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“One either prefers the honest fakery of the neon or the fake honesty of the sunset - the undisguised artifice of culture or the cultural construction of ‘authentic’ nature - the genuine rhinestone, finally, or the imitation pearl.”

“Bad taste is real taste, of course, and good taste is the residue of someone else’s privilege - and Liberace cultivated them both in equal parts and often to disastrous effects.”

-Dave Hickey, Liberace: A Rhinestone as Big as the Ritz, 2005

I am trying to take my work less serious, while using humor to address ambiguous issues of weighted importance, which stem from the collective consciousness of consumerism, fame, sexuality and spirituality.  I paint abstract text and figuration, which may or not, say or do anything.  Serving as constructs for an image, I  want to make paintings which address the tactility of this fetishized medium. Thick, thin, sprayed and neon, I want my paintings to be sexy. Whether painting images of Gram Parsons or Liberace, or comedic phrases such as, “Brian Wilson’s Pineapple Upside Down Cake,” I am interested in a frustration or awkwardness, which comes alongside the viewing experience. Content maybe implied, such as the overly flamboyant, queer sensibilities in a painting of Liberace, but, I am more interested in what others bring and take away from the work.  An image should succeed as an image before it can say anything.  If my paintings are pleasurable or not, I am happy.  Being lost in translation can only shift one’s discourse.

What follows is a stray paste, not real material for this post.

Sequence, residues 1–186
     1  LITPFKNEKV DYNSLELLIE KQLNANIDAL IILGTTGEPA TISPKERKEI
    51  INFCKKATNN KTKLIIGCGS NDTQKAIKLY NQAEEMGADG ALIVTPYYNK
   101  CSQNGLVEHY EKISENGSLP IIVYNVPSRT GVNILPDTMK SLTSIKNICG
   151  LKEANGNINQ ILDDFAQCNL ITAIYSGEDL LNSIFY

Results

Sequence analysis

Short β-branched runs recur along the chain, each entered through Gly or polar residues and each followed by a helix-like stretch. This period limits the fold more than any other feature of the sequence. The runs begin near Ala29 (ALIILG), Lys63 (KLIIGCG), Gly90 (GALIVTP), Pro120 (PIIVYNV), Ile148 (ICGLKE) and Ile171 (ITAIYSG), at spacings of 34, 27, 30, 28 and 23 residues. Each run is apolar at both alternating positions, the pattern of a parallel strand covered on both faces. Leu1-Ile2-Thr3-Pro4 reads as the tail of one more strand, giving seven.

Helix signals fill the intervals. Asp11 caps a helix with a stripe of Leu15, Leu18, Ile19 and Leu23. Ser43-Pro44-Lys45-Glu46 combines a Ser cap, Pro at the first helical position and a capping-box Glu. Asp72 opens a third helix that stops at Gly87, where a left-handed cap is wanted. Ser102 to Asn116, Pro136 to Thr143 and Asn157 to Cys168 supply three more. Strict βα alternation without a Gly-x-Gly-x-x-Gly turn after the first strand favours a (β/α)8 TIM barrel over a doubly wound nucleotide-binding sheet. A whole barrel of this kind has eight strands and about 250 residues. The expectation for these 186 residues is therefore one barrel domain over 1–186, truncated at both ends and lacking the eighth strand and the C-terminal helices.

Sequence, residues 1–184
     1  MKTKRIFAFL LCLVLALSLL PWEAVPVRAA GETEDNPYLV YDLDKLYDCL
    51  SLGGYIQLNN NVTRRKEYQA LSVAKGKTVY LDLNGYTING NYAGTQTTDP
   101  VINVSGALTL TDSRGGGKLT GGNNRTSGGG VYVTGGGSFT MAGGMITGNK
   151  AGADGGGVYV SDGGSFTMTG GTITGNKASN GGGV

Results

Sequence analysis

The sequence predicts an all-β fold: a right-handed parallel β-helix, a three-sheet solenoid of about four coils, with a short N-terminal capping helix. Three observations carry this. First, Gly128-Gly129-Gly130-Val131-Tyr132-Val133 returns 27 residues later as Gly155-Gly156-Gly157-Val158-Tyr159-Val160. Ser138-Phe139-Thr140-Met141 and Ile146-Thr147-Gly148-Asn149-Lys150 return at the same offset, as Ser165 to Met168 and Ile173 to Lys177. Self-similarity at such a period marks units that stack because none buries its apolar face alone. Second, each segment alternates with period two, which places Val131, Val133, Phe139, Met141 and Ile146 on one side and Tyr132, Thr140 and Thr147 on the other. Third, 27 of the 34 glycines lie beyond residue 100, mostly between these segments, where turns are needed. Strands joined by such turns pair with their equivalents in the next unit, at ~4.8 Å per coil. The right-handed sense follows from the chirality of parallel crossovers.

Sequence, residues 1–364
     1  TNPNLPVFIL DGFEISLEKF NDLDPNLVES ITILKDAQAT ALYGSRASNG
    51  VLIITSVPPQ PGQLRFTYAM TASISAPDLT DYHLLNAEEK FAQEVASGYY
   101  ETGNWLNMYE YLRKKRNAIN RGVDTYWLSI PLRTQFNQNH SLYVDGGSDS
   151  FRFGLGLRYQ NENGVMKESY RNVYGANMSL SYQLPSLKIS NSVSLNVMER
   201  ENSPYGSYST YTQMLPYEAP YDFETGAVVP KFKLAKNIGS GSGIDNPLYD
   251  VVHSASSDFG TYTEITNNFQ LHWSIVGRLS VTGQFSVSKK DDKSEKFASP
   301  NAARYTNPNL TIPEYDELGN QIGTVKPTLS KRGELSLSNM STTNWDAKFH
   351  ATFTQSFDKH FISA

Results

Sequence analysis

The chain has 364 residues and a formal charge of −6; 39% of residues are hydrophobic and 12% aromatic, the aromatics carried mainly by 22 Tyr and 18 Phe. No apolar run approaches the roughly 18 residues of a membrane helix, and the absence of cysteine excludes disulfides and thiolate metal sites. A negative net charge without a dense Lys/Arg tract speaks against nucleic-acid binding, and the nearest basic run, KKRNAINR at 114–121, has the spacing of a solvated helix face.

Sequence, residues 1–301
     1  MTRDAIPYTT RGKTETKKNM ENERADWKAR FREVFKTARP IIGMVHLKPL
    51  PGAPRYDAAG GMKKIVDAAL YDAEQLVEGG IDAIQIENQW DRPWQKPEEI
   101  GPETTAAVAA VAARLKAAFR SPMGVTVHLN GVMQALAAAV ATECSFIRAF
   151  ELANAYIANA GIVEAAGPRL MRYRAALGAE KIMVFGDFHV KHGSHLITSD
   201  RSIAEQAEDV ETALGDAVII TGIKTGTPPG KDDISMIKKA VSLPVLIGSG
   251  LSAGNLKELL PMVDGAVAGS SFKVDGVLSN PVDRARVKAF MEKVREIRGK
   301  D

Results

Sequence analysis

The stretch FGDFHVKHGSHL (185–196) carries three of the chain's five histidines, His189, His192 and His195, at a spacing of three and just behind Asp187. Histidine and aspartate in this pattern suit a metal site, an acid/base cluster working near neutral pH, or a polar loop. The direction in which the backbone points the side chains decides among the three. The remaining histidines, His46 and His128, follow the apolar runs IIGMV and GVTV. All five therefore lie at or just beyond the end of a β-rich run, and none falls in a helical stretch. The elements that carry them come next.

James Buckley Galloway